State Funded Network of Sensors Begins to Track Fracking Related Earthquakes in Texas
Houston Public Media is reporting that a network of seismology sensors, partly funded by the state of Texas, is up and running. The TexNet Seismic Monitoring program, run by the University of Texas at Austin's Bureau of Economic Geology, is designed to track earthquakes in the state and to determine how and to what extent they are being caused by oil field fracking operations.
The TexNet Seismic Monitoring program, run by the University of Texas at Austin's Bureau of Economic Geology, is designed to track earthquakes in the state and to determine how and to what extent they are being caused by oil field fracking operations.
Fracking has resulted in a boom for American oil and gas production, lowering the cost of energy and weaning the United States off of dependency on foreign sources. However, many scientists have concluded that the practice of injecting oil field waste water into the ground is causing earthquakes. The quakes are minor, except where they happen to take place, and have resulting in cracked drywall and damaged home foundations.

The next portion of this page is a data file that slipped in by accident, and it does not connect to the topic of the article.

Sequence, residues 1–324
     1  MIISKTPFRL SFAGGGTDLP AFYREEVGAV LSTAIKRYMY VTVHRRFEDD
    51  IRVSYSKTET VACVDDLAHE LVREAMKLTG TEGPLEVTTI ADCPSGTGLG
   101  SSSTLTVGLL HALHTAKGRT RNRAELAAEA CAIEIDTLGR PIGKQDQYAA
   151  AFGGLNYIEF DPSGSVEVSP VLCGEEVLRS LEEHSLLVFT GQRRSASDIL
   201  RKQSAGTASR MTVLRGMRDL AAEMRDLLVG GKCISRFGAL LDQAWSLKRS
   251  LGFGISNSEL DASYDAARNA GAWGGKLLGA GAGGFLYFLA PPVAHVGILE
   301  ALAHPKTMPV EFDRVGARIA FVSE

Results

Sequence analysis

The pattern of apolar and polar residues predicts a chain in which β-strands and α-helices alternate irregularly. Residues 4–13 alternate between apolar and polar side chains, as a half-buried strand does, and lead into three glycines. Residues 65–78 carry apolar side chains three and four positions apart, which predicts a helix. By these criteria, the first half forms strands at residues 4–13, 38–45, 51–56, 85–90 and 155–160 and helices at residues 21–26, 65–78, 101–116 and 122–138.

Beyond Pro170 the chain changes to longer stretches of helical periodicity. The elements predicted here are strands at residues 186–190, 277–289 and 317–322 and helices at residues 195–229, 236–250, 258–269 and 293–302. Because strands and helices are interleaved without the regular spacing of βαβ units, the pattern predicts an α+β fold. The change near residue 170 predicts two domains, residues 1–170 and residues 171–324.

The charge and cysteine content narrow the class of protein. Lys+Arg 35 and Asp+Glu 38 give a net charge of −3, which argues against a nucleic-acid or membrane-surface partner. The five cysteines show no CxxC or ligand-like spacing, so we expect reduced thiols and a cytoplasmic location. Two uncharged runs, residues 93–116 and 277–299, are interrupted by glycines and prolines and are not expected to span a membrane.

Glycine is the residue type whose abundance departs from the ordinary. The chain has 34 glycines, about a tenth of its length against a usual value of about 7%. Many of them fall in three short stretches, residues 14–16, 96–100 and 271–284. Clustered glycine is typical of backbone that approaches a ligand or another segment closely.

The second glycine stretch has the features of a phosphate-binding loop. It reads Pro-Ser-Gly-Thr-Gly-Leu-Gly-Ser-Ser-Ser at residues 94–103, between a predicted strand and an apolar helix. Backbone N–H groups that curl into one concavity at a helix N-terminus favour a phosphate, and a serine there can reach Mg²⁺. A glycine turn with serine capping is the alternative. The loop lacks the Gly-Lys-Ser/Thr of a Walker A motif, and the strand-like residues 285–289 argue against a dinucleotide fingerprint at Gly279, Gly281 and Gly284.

Texas residents near fracking operations started to notice an uptick in earthquakes starting in 2008. The State of Texas undertook to fund the TexNet system, now at around 78 sensors across the state, in order to gain a better understanding of the phenomenon so that solutions can be arrived at.
Both industry and the Texas Railroad Commission have been reluctant to recognize the relationship between waste water injection and earthquakes. However, TexNet is designed to gather hard, scientific data in order to gain an understanding of what is happening. Then state regulators can devise solutions, such as requiring that waste water be recycled, so that the occurrence and size of earthquakes can be diminished, and fracking can still continue to supply America's energy needs.
AUTHOR: Jake Posey
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